Check Your Moisture Meter's Calibration in 3 Easy Steps

Posted by Tom Laurenzi on Oct 28, 2016 9:30:18 AM

One of the biggest concerns when taking moisture readings is making sure the meter is in calibration so that you get accurate readings . When a meter is not calibrated, you may get faulty results—and being just one or two percentage points off can have a significant impact.

So, being able to check a meter’s calibration is crucial for ensuring accuracy.

Because not all moisture meters are the same, it’s important to know about the different types of calibration check methods that are available.

Some meters have built-in calibration tests that let you check accuracy literally with the push of a button. However, checking your moisture meter’s calibration may not be that easy—or you may just want to check your results with a different test method.

In either case, here are a few quick steps for checking your moisture meter’s calibration:

Using a Moisture Content Standard (Pin Meters)

  1. MCS-JL-2000.jpgPlace the meter’s pins on the moisture content standard’s (MCS) metal contacts
  2. Turn on the meter.
  3. Check the reading & compare to value given in instructions (different standards may be calibrated for different values).

If the reading is different from the one the MCS was set for, then the meter is out of calibration. Try inserting a replacement battery and repeating the test. If results are still off, you may need to send the moisture meter back to the manufacturer.

Using a Sensor Block (Pinless Meters)

  1. Hold the meter to the sensor block—make sure the scanning plate is making solid contact with the block.
  2. Turn on the meter.
  3. Check the reading and compare to the sensor block’s instructions.

Like with MCS checks for pin meters, if the reading is different than what the sensor block is supposed to read, then the meter may need to be recalibrated by the manufacturer.

Using a Reference Meter (Both Pin and Pinless Meters)

Using a reference meter to check calibration is less accurate than checking with an MCS or sensor block, but it can be a good solution if your meter doesn’t have a built-in calibration check feature, or if you don’t have a moisture content standard. This method requires you to have a second, IDENTICAL moisture meter to use as a reference—which is more expensive and inefficient than using built-in checks or purpose-built testing tools.

This reference meter should only be used for reference checks, and then tested using a different method every few uses. I personally recommend using built-in checks or a moisture content standard over using the reference meter method.

Pin Meter Reference Checks:

  1. Push the pins of the meter being tested to their full depth.
  2. Activate the meter and record the reading.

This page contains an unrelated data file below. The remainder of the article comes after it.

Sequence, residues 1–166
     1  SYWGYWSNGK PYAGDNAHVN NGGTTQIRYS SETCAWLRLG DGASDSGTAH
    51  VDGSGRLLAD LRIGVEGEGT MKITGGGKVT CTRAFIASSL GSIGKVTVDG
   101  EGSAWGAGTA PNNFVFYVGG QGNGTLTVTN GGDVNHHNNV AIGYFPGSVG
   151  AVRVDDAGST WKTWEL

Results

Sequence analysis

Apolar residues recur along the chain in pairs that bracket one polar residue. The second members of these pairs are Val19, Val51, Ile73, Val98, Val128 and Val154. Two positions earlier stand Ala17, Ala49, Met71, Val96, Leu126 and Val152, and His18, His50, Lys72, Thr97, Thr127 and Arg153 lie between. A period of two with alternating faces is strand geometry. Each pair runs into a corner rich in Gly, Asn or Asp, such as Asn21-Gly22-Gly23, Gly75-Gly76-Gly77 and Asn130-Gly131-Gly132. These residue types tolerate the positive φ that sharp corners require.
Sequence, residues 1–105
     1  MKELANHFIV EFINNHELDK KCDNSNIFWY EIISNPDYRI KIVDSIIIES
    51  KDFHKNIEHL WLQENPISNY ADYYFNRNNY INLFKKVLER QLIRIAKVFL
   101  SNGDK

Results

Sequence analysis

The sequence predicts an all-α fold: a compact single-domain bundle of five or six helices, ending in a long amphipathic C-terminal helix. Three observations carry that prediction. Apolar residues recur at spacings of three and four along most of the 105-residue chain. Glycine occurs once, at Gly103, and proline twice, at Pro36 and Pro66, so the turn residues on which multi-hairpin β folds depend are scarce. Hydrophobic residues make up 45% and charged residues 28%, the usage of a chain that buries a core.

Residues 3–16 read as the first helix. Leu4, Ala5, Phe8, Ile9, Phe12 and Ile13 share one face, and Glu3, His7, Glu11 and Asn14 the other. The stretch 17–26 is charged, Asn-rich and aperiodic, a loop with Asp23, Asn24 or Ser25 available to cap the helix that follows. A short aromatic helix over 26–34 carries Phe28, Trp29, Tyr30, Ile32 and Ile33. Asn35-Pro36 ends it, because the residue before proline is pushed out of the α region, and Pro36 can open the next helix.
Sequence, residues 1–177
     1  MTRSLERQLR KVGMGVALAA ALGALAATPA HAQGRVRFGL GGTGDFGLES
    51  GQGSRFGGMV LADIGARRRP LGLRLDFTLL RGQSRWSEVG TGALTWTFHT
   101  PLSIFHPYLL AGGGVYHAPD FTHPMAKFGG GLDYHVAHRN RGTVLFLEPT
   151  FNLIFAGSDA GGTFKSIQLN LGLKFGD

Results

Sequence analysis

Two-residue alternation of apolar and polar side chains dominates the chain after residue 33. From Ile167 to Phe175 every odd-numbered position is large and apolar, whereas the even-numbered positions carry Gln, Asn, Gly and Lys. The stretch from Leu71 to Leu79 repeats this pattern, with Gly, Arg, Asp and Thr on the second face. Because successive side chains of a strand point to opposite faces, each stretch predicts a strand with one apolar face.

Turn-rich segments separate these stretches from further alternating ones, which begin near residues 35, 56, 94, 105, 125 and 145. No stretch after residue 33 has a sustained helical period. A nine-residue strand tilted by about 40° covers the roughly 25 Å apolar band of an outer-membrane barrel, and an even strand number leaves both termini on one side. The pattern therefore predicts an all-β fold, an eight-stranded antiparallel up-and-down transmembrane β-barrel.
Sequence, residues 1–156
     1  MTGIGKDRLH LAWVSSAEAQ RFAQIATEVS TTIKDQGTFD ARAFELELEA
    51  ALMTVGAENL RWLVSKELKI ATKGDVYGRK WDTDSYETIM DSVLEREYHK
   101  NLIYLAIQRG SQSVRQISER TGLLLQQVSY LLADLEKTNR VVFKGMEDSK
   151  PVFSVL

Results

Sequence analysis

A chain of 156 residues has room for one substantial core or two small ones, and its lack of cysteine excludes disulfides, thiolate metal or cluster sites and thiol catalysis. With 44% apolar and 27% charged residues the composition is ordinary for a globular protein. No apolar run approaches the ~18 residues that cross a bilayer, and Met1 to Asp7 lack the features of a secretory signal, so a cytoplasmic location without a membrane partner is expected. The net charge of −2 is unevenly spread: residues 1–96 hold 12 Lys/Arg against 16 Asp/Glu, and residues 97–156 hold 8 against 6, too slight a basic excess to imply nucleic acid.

3. Take the reference meter and insert the pins into the material, using new holes as close to the first set of holes as possible.
  4. Activate the reference meter and compare to the first reading.
  5. Repeat the process at a different testing site, using the reference meter first.

If both meter readings agree both times, this is a good indication that the meter you’re testing is in calibration. If the meter is consistently lower or higher than the reference meter’s readings by a fixed amount, then you know one of the meters is off.

Pinless Meter Reference Checks

  1. Press the test meter’s scanning plate firmly against the wood.
  2. Activate the meter and record the results.
  3. Press the reference meter’s scanning plate to the same area as the first.
  4. Activate the meter and record the results.
  5. Repeat steps 1-4 once or twice.

If the results agree or are very close (+ or - less than 0.1%), then the meters are most likely in calibration.

If results differ, then either one meter is inaccurate. Marking out a test site is strongly recommended to ensure consistent placement between the two meters.

The Best Testing Method

When you want to check moisture meter calibration, I would strongly recommend using either a built-in check, or a specialized testing tool such as an MCS or sensor block. These testing methods are much more reliable than reference checks—not to mention faster and easier.

Even using both built-in checks and an MCS or sensor block takes less time and effort to do than using a reference meter. Don’t get me wrong I would love for you to buy a second moisture meter for doing tests—I just know that using an MCS is the better option for most.

Learn how you can get a moisture content standard or sensor block for your Delmhorst moisture meters today!

The Craftsman's Guide to Using Woodworking Moisture Meters